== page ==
Tracing American Indian Family Roots
If you have landed on this blog you're probably already been told you have Indian in your family or you suspect a past ancestor was Indian. It's time for the truth to be revealed. Are you ready?
A few disclaimers before I explain how to go throw the proper steps of researching American Indian ancestry. Read them below.
You may not find documents of your American Indian ancestors and that's ok
When bad meets worse it's possible you may or may not find documents of your ancestors being labeled Indian. Yes, it is possible to be Indian without being documented as Indian.
Please keep in mind that American Indian and so called Black People have went through and still going through paper genocide (the act of writing American Indians out of history through our birth records, death certificates etc).
Because of this awful act done against American Indians you may not find the documents you are looking for or at least not right away. However, do not give up hope. You never know what truly is in store for you.
If you do find American Indian documentation in your family and want to be enrolled be prepared to fight your ass off
Indians of darker hue go through so much shit especially those labeled as Black Indians. There are soo many lawsuits surrounding Black American Indians reclaiming status and citizenship through the tribes.
You may not call yourself black or see yourself as black but tribal council members most likely will. The fight of who is indigenous and what is an Indian is at an all time high.
If you are a freedman like me and want to be enrolled GOOD LUCK! It's not impossible but the kickback and racism dealing with being enrolled is to be expected.
Step 1. Get Your Facts Straight
Have all your information together before you research. It makes the process easier and runs smoother. Get the names of your elders, their birthdates and death dates, their children names and so on. Make sure you get as much accurate information as possible about your family and then you head to a genealogy website.
Step 2. Do The Research
Now it's time to put your ducks in a row. I like to use Ancestry.com to research my genealogy. I start with myself and then add my parents and their information like birthday and birthplace.
Then I add their parents information and then their parent's parents information and so on and so forth. There are many different places you can research your family at. Click here to view different resources to search your genealogy.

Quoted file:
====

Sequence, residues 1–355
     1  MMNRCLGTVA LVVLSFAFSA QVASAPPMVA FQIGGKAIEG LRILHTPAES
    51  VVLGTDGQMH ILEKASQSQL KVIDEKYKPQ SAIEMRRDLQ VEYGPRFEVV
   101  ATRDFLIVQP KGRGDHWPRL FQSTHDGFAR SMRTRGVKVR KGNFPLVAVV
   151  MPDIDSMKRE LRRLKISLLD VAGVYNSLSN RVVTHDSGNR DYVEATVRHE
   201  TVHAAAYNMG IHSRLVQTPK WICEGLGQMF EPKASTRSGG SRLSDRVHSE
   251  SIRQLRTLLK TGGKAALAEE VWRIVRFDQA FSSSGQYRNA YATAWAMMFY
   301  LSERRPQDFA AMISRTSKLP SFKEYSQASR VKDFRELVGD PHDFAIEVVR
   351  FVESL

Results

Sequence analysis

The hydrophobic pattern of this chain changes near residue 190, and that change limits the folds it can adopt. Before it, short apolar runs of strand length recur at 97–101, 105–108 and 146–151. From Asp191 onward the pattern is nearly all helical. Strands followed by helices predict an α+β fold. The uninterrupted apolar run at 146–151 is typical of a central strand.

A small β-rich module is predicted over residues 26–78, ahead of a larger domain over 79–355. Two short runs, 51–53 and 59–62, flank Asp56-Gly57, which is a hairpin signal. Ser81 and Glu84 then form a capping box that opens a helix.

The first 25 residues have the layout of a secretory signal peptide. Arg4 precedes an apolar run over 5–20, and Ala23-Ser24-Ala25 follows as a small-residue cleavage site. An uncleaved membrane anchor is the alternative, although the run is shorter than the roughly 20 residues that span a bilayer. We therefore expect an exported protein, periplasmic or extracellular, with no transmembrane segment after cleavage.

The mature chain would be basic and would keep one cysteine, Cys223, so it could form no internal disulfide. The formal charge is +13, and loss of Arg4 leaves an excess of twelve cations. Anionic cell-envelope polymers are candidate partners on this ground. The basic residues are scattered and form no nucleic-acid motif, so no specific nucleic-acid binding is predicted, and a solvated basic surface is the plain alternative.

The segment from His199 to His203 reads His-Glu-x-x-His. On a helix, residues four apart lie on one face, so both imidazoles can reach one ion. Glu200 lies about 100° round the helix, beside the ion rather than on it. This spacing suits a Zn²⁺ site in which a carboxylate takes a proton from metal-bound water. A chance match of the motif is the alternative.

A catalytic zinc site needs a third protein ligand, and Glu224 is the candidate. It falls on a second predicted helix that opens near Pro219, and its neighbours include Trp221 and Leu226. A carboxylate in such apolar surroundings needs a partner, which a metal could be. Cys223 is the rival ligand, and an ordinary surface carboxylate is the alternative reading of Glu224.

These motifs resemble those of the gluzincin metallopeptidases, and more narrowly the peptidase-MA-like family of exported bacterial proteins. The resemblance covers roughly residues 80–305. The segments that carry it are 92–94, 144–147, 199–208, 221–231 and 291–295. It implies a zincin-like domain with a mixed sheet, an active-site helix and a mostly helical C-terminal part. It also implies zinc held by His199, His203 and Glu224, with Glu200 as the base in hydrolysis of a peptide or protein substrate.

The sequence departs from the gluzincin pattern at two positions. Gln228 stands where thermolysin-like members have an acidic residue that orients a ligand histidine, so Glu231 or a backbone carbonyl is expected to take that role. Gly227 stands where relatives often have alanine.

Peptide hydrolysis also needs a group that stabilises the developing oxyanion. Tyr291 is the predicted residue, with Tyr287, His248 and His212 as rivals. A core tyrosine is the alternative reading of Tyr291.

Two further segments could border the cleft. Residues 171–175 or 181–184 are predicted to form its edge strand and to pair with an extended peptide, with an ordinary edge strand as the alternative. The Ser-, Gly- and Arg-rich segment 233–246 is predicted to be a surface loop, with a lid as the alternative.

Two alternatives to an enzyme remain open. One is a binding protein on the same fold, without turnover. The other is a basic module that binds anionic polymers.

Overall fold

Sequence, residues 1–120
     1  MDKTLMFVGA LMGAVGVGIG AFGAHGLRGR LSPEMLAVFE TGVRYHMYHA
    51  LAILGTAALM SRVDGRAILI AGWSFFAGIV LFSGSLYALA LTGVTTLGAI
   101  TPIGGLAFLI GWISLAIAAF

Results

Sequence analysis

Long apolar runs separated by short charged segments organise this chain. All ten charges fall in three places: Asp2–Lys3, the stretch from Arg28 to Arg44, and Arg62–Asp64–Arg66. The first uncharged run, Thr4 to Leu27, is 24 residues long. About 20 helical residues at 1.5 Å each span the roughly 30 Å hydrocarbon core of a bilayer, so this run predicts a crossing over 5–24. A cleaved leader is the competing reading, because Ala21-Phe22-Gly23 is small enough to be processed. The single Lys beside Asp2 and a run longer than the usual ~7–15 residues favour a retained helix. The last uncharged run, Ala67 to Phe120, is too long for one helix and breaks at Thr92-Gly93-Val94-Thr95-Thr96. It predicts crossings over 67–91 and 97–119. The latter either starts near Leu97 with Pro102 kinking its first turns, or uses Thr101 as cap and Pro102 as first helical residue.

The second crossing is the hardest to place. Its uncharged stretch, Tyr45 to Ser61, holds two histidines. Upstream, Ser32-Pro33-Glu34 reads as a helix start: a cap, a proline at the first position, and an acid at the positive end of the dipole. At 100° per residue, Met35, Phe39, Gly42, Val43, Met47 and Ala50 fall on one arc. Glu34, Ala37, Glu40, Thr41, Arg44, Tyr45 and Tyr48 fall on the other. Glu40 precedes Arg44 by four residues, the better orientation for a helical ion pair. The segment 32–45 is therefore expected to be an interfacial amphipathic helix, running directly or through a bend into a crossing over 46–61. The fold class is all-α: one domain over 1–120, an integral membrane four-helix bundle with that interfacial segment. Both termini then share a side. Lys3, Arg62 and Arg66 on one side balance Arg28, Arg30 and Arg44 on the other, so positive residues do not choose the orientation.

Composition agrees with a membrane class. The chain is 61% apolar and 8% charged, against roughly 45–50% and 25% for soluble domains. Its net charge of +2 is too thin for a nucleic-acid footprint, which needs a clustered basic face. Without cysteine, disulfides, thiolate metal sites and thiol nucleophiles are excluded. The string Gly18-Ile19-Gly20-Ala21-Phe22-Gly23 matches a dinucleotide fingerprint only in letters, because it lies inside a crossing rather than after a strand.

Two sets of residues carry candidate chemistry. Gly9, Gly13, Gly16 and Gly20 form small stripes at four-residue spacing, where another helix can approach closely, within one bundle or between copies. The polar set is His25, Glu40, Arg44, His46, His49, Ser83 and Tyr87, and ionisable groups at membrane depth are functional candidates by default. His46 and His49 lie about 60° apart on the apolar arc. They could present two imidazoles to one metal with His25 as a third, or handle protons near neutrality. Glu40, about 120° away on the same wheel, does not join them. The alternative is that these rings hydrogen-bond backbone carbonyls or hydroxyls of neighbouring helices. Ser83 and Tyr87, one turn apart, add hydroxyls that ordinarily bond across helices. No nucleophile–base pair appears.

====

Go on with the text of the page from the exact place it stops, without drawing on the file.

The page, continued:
Confirm and make sure to match your family's information with the documents you find. Some family records may be out of whack like your great aunt may be labeled as a male or your grandfather name is spelled wrong. But a tell sign that the record belongs to them but the similar information they both share.
The record may say Jun 1934 with your family member name and birthplace but their actual birthday is June 24th, 1934 it is more than likely that this record belongs to your family member.
Step 3. Confirm Your Findings With The Tribe
You found a record of you Indigenous American ancestor! YAY! Now save it! Birth, marriage, and death records can be retrieved by contacting or visiting the right clerk's office in a town or county courthouse, or by contacting or visiting state offices of vital records. Copies or transcripts may also be available through genealogical societies, historical societies, and site archives.
Call the tribe and confirm with the genealogist that the names and information is correct. Once it has been confirmed, print out her birth certificate, death certificate and add it to your application for tribal enrollment.
Some tribes may need DNA testing to confirm if you are indeed a relative to this person/ancestor. Remember DNA testing is NOT the same as DNA ancestry testing. You cannot use solely use a DNA ancestry test to solely enroll in a tribe. You must bring documentation or otherwise you will not be accepted and your application will be denied. Once you submit your application the tribe will either call or mail you your acceptance or denial letter.
Each tribe is different so make sure to call them and confirm what you will need to show proof of American Indian ancestry.
Here is a video of Atsila Yona discussing how to trace American Indian genealogy.